Tronc watcher Ken Doctor says the recent media silence surrounding the oddball corporate parent of the Los Angeles Times belies some potentially big offstage happenings.
In Delaware courts, two shareholder lawsuits have been combined, alleging the company screwed its own investors by not taking seriously Gannett's offer to buy Tronc. But it's the threat of a third lawsuit, by LA's Oaktree Capital Management, that poses a bigger threat to the company being run by Chicago media mogul Michael Ferro. The end game could be an Oaktree suit that succeeds in undoing the original sale that made Ferro the top shareholder in what was then known as Tribune Publishing.
Of course, such an eventuality could force an unraveling of all the many changes Ferro has brought in his tumultuous six months of completely changing out top leadership, eliminating independent publishers, proclaiming artificial intelligence as the news business’ savior and renaming legendary Tribune with a Popsicle- colored tronc logo. Finally, tronc iced its new cake with the release of promotional videos that have met near-universal ridicule.
Ferro's Tronc newspapers have also begun implementing his plan to create more videos to sell more ads on, to widespread disbelief in the industry that it will help more than hurt those papers. (Also, as difficult to use as the LA Times website is already, can you imagine using it to consume news via dumbed-down video nuggets?)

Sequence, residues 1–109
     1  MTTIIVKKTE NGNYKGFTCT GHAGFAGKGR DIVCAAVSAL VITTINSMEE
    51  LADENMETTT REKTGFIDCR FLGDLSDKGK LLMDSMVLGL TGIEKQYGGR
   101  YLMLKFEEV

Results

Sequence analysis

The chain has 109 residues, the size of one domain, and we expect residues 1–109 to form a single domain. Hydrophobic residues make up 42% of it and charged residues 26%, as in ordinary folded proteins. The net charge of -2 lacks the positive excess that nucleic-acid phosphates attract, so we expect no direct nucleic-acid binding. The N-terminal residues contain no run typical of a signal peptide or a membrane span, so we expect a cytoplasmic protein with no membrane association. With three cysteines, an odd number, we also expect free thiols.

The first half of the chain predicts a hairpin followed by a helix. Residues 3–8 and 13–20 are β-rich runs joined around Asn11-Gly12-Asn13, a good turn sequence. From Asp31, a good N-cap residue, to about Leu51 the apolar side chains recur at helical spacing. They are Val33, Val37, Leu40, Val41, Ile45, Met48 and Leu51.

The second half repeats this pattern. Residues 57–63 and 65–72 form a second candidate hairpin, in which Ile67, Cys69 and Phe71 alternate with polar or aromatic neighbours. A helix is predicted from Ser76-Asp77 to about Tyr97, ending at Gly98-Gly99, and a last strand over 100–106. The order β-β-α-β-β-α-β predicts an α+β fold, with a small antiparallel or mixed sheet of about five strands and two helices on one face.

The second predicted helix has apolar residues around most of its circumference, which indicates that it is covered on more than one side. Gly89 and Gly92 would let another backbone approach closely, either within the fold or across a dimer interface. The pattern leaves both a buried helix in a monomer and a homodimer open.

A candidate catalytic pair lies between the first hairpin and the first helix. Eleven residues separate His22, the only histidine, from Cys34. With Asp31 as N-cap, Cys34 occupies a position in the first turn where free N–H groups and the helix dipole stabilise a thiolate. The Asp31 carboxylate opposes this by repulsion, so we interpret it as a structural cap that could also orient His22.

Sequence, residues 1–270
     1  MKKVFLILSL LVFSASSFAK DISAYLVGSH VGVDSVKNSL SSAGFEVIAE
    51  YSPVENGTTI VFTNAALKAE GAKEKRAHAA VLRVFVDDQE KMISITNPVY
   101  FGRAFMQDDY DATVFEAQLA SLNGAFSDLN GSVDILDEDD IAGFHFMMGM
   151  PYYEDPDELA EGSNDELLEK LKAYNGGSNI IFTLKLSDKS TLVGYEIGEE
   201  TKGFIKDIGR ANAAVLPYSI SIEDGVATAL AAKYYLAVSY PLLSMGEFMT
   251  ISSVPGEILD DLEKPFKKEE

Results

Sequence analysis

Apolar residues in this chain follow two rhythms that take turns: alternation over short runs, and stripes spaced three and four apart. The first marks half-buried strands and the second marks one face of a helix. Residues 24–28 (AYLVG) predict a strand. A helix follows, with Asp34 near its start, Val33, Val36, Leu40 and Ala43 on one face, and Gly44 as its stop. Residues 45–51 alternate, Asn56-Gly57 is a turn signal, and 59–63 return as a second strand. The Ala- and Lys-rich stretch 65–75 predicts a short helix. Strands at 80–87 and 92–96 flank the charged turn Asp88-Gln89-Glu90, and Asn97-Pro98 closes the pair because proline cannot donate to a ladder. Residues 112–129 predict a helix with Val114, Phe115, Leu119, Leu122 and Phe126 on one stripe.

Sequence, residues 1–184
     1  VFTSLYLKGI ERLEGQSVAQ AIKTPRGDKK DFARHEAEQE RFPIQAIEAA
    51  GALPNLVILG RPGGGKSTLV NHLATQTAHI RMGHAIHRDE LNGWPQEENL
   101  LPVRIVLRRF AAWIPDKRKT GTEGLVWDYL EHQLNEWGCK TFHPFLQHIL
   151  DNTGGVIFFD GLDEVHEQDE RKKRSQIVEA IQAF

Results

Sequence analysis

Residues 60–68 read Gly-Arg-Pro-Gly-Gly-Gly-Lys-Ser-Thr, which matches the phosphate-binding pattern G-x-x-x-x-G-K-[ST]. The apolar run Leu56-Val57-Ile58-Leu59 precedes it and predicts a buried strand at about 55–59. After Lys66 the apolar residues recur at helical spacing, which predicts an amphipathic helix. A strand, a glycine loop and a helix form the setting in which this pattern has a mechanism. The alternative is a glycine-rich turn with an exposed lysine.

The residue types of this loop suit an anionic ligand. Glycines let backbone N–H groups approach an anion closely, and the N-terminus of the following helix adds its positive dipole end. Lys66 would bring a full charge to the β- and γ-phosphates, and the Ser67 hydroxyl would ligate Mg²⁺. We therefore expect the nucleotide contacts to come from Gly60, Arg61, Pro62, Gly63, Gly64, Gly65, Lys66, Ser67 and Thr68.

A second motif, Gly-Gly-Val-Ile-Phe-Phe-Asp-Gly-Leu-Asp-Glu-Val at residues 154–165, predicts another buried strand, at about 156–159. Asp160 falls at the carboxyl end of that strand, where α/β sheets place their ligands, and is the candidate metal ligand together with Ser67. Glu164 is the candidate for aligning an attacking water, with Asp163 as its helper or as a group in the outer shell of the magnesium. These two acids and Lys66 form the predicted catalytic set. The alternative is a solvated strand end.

But Doctor saves his bombshell for the end of his Politico story. He says sources indicate that Ferro may be contemplating his own exit strategy from the mess he created.
"It could be his own assessment of an end game, or it could be the whispers or louder that he is hearing from his highly paid bankers. Or he could be tired of the several reporters nosily poking into his personal life and work history, working current and former associates, or of Internet trollers questioning the credentials of some his own top execs.
"Ferro could point to so many reasons to simply accept Gannett’s offer – which would more than double the $44M price his group paid for the Tribune stake – and walk away.
Yes, even the entrepreneur who is used to having it his own way is doing some contingency planning, as we await the next explosion of the powder keg that tronc has become."
Doctor and Politico use the company's preferred form of address, with the "t" in Tronc lower-case.
Meanwhile: Here's a spoof of the Tronc video to employees about the video-is-the-future gambit.